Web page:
In my wife’s speech, she says, “Continual learning builds character and strength; it unites people from all walks of life to be respectful and tolerable of our differences; it ignites our dreams and supports a brighter future not only for ourselves but the society we’re all a part of.” 

But politicians (especially Republicans) don’t want such educated citizens in society. They would much rather have uneducated people who are more willing to believe and accept their misinformation. Many politicians still believe dated and antiquated views from centuries ago when an educated society was not preferred and too much education was considered a bad thing. 

Why do so many Republican politicians fear education today? Because an educated population is a genuine threat to the hateful, thoughtless, divisive, and irrational governing agenda so many Republicans share.

They yearn to retreat to a society long ago whose leaders and influencers can only be described as white males who were racist, sexist, homophobic cowards who justified their behaviors by manipulating religious messages to enable themselves to maintain and propagate white supremacy. To me, it seems that the white racist, sexist, homophobic males of today are struggling with an identity crisis of their own as they question their sense of self and place in a world they no longer can dominate with archaic beliefs and opinions.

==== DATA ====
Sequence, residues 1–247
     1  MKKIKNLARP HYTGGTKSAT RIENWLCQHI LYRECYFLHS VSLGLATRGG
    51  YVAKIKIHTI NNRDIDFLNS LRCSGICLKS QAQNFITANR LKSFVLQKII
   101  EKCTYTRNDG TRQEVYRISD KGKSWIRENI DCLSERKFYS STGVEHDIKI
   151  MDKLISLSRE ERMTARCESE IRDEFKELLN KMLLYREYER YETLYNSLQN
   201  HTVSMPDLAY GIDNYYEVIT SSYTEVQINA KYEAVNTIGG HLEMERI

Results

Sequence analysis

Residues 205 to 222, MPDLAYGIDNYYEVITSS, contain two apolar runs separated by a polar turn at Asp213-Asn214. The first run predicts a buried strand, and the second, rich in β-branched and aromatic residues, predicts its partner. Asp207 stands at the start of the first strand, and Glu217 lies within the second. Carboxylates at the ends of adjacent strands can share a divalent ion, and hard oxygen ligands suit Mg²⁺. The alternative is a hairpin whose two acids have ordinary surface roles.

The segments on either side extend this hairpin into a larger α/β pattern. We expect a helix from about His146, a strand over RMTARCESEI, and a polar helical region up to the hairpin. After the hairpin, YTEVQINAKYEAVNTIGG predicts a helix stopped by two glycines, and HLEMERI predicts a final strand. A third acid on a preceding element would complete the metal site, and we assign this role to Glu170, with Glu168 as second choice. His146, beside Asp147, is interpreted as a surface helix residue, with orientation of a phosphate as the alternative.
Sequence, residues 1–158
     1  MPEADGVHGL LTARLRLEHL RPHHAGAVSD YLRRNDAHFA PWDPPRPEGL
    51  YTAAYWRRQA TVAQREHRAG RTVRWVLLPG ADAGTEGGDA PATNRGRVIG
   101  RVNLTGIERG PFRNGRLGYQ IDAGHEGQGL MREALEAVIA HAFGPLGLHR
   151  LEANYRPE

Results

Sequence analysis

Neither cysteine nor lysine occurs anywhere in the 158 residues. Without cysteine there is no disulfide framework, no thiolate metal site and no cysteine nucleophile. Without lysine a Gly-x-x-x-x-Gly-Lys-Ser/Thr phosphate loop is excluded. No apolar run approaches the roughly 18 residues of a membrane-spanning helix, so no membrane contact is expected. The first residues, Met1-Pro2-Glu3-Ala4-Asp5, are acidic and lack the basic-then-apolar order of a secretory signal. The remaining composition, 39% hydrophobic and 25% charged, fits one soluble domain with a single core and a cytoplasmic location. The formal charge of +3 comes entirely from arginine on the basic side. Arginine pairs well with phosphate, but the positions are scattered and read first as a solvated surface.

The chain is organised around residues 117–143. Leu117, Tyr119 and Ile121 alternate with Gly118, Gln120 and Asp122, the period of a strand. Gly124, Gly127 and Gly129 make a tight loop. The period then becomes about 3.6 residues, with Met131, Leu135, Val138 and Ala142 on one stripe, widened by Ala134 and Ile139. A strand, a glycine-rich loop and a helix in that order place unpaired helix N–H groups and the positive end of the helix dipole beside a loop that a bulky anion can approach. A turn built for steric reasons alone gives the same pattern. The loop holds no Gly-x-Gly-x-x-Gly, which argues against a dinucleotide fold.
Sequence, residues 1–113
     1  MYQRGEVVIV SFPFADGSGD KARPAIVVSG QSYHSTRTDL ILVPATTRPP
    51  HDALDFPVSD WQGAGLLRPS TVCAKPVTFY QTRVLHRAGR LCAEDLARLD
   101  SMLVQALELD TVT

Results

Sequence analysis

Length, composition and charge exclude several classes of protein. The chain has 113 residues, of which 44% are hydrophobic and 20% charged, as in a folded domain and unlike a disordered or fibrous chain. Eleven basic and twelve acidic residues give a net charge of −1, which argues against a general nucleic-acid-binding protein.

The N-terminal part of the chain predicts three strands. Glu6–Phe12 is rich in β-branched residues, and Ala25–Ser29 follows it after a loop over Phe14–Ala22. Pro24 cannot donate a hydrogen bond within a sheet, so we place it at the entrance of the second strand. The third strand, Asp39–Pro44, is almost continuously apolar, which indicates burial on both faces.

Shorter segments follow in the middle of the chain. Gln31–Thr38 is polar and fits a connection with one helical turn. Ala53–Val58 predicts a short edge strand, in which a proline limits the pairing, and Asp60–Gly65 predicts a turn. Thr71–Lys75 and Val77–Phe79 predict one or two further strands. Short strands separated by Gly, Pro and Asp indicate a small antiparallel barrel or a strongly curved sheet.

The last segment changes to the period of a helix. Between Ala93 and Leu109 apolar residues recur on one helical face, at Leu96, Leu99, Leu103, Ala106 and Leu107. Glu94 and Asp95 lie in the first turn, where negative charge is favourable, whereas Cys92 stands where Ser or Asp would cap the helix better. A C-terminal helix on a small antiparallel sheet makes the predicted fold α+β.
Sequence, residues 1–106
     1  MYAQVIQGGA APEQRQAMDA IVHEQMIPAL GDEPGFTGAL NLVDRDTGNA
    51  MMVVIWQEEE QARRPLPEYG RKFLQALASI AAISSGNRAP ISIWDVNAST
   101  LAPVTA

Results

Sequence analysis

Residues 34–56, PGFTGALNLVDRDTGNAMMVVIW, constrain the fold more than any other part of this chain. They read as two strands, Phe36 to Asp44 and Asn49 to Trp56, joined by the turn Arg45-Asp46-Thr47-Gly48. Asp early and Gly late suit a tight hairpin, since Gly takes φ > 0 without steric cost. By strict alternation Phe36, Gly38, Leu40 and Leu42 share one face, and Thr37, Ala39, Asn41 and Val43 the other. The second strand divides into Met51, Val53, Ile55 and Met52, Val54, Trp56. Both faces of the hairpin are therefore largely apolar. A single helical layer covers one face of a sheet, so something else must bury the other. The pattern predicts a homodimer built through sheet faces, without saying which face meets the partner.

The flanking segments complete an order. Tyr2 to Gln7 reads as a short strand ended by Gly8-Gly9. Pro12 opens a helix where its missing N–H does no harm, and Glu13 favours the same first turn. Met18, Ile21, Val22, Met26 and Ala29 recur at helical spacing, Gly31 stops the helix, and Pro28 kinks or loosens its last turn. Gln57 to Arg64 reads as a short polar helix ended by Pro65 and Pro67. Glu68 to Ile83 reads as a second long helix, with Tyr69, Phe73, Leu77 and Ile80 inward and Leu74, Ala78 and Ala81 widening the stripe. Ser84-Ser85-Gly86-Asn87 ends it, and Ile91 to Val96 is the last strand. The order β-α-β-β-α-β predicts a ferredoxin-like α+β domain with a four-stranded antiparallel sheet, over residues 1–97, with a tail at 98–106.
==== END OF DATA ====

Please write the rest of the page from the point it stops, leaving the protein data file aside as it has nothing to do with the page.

Comedian George Carlin said it best: “Governments don’t want well-informed, well-educated people capable of critical thinking. That is against their interests. They want obedient workers, people who are just smart enough to run the machines and do the paperwork. And just dumb enough to passively accept it.” 

Republicans support education – as long as it’s their version of education. Through my research and studies, I’ve discovered a clear definition for such a narrow-minded interpretation. Psychology Today defines “bias” as “A tendency, inclination, or prejudice toward or against something or someone. Biases are often based on stereotypes, rather than actual knowledge of an individual or circumstance. Such cognitive shortcuts can result in prejudgments that lead to rash decisions or discriminatory practices.”

It would seem then that all the Republicans in America against an educated society filled with diversity and inclusion are basing their decisions on “stereotypes, rather than actual knowledge.” For a group of politicians so concerned about what America’s children are learning, their adherence and governance based on stereotypes such as race, sexual orientation, or class is concrete evidence of their ignorance. As Josephine Kim, a faculty member at Harvard Graduate School of Education, writes, “Stereotypes share an oppressive origin, and they are never the whole truth.”

For all the so-called “intelligent” Republicans in our political offices, if your brain can’t logically identify and comprehend the differences between fact and fiction, leading you towards biases, I think it’s time you went back to school and learned a few things.

I close this post with the same thought my wife shared many years ago for a much younger audience than the politicians I’m addressing in this post. “Being ignorant is not so much a shame, as being unwilling to learn.” – Benjamin Franklin.